בנה – building / to build, as in: Come, let us build [נבנה] ourselves a city and a tower (Gen. 11:4).
אבן - a stone can be used in building, as in: And the house, when it was being built, was built of complete [ready-made] stone [אֶבֶן שְׁלֵמָה] (I Kings 6:7).
תבן - straw, a component in the formation of bricks, as in: provide no more straw [תֶּבֶן] to the people to make the bricks [לִלְבֹּן הַלְּבֵנִים] (Ex. 5:7).
בנים - sons, builders of a family / nation, as in: Perhaps I will be built up [אִבָּנֶה] through her [i.e. have sons] (Gen. 16:2). Rashi explains that this teaches us that one who does not have children is not "built," but rather "shattered."
הבן - ebony - a prized dark wood (or other material) used in ornate construction or for building ornamental objects and furniture, brought by the merchants from India to Tyre (Tzur), as in: Ez. 27:15 - Ivory tusks and ebony [וְהָבְנִים].
גבן - cheese-making, which is classified in the Talmud as building (one of the forbidden categories of work on the Sabbath): Shabbat 95b - מגבן חייב משום בונה - making cheese is punishable as it is classified as בונה - building.
בינה – understanding / insight, a type of wisdom, as in: Job 32:16 - If you wish to understand [בִּינָה], hear this. The Sages connect this word to בנין (building) andבינה (understanding), as follows: Niddah 45b – "And God built [וַיִבֶן] the rib He took from man into a woman (Gen. 2:22) - this teaches us that God gave enhanced insight (בינה יתירה) to women - more than He gave to men." The Sages add that it is therefore the woman who is extolled for building her home with insight and understanding, as Solomon taught: Prov. 14:1 - The wise among women - each built her house.
לבֵנה – brick (building block), as in: so the bricks [הַלְּבֵנָה] were to them for stones [לְאָבֶן] (Gen. 11:3). Note that Radak (entry לבן) suggests the possibility that the word לבֵנה - brick, is derived from the word לבן - white, as bricks are baked to a white heat in a furnace.
We will investigate the word לבן itself, to examine if a possible link exists between the color white and בנין / בניה.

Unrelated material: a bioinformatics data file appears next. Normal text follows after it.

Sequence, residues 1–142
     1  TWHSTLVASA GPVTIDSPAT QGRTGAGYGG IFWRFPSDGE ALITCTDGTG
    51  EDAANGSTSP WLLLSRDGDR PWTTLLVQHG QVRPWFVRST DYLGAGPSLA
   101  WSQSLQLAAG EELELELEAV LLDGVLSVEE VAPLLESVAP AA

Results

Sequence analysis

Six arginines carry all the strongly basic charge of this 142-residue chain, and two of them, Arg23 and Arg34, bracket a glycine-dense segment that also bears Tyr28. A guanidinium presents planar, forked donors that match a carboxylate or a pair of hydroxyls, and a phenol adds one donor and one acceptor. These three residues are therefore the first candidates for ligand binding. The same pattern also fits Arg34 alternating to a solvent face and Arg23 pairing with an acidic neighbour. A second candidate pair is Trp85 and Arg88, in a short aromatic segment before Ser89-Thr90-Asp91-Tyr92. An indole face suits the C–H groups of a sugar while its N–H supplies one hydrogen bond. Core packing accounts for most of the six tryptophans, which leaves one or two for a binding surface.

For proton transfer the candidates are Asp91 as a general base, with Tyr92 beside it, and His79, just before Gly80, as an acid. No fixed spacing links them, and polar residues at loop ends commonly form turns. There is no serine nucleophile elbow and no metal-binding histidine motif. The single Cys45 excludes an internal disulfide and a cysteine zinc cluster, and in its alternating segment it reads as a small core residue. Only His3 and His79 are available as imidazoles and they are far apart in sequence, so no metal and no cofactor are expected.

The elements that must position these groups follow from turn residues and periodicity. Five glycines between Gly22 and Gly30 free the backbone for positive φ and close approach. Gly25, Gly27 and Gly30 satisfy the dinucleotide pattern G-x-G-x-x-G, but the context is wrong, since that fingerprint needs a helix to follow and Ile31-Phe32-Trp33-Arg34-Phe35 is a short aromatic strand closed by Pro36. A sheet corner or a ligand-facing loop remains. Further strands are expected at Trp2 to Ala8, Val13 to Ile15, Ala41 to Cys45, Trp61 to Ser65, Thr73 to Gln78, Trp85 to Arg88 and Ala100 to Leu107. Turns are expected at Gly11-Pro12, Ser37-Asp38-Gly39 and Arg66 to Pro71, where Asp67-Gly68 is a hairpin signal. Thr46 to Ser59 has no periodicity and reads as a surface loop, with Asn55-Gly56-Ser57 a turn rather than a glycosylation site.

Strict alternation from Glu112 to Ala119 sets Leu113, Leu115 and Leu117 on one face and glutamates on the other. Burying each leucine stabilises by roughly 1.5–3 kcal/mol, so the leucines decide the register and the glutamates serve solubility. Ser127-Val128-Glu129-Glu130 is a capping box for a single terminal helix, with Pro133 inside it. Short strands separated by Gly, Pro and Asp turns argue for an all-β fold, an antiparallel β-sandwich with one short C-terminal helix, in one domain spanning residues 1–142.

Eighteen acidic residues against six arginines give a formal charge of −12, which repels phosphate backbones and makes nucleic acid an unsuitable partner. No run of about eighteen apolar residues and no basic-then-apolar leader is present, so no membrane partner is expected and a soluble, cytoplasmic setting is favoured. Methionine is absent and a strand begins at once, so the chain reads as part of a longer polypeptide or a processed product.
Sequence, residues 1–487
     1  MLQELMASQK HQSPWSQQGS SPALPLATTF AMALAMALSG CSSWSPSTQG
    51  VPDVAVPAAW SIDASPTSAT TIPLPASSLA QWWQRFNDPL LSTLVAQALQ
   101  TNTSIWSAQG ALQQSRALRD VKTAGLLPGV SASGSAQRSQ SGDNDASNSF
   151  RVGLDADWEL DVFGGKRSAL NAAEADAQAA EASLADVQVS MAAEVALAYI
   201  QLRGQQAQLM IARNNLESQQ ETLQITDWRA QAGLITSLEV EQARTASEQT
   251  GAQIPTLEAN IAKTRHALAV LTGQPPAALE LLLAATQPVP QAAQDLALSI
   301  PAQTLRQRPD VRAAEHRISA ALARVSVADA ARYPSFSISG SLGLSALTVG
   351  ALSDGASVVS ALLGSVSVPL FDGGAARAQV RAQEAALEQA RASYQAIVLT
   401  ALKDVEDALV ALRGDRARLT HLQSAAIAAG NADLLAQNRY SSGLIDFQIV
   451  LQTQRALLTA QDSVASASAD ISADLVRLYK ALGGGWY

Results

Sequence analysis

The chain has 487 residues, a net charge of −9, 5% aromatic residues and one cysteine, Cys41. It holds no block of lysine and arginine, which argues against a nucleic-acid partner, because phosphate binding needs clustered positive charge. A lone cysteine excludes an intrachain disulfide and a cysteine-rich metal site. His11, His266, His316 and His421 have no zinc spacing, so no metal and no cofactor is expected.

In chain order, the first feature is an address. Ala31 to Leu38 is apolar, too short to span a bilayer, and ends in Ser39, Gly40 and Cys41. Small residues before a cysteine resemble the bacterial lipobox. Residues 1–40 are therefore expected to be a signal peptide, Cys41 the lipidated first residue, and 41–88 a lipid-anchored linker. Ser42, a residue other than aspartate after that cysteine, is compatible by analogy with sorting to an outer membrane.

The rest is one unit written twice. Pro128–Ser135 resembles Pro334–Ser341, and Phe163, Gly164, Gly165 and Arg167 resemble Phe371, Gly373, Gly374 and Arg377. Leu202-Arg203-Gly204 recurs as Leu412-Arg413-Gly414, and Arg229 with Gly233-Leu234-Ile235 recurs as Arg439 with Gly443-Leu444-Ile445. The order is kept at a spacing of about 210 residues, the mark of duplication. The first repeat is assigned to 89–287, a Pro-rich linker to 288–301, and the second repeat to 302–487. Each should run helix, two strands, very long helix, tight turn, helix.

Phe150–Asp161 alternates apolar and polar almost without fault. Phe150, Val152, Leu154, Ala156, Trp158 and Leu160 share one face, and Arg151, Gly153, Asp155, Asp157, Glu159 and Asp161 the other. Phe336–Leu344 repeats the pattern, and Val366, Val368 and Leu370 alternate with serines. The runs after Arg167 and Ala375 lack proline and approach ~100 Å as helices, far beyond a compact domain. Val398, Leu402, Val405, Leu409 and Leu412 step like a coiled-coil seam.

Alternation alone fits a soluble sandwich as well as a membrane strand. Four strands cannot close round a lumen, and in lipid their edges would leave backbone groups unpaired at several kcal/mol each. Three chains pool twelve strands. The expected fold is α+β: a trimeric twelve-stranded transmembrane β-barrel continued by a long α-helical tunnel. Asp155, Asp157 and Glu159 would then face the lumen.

In this regard, the Sages in fact homiletically link the color לבן with בן (children, representing the figurative building blocks of future generations, as mentioned earlier). The Talmud (Ketubot 111b) compares the word "לבן" with "ל-בן" in the following verse (Jacob's blessing to Judah): His eyes become red from wine, his teeth become white [וּלְבֶן שִׁנַּיִם] from milk (Gen. 49:12) – this refers to the great abundance of grapes in the Land of Israel, the wine produced therefrom drawing enthusiastic response. Were one to suggest that only the youth will find it delightful but not the elders, do not read it as וּלְבֶן שִׁנַּיִם (referring to the whiteness of teeth), but rather לְ-בֶּן שָנִים (literally: the son of [many] years) - one advanced in years will also find in it exquisite taste.
Another connection between the לבן and בן may be hinted at in the description of the Manna that fell in the Wilderness. The Torah describes the Manna as וְהוּא כְּזֶרַע גַד לָבָן, It looked like coriander seed [it was] white, and it tasted like a wafer with honey (Ex. 16:31). The Talmud (Yoma 75a) learns from this verse that the Manna had the ability to determine if a child was born after a full term pregnancy or was two months premature. Were a woman to remarry within three months of divorce, and then bear a child born four months later, we would be uncertain if the infant was from the first husband or the second. Thus the Manna could "tell" us, after the child was born, by an extra portion falling at the doorstop of the present or previous husband. The author of Yismach Yehudah (p. 223) writes: We can explain the word לבן in this verse as stemming from the word בן (Thus the word ל-בן would hint: this portion is for child X).
In Kabbalistic sources, we also find an association between the color לבן - white, and בנין - building. The world was founded on the attribute of kindness, as the verse states: עולם חֶסֶד יִבָנֶה - Forever it will be built with kindness (Ps. 89:3). Kindness is represented by the color white according to Kabbalah, and the constant goodness that God showers upon the world is embodied in this color. Following are two examples, the first relating to the “building” of the woman with the white צלע (rib / side); the second concerning the “building” of children through the white seed of the male:
The first time the root בנה is used in Scripture is regarding the creation of the woman, where it states: And God built [וַיִבֶן] the צלע he took from man into a woman (Gen. 2:22). The Zohar (vol. 1 p. 28a) explains why she was created from a צלע, whose color is white: "The צלע is derived from the attribute of kindness, which is categorized as לבן - white. For this reason also, the ירח (moon) is called לבנה – white/." [Commentary of Sulam: its white light replicating the attribute of kindness shone upon it, which in turn it reflects onto the world below]."
The male's contribution to conception is a white drop, which is the foundation of kindness. Man's input (to the child) is white (semen) whereas the woman's contribution is red (Kehillat Yaakov, entry הד).
May the Almighty shine his pure חסד upon us and rebuild the Holy Temple -with its צלעות- where our sins will be whitened. May our hearts of אבן be replaced with hearts of flesh, and may this come about speedily and in our days, Amen.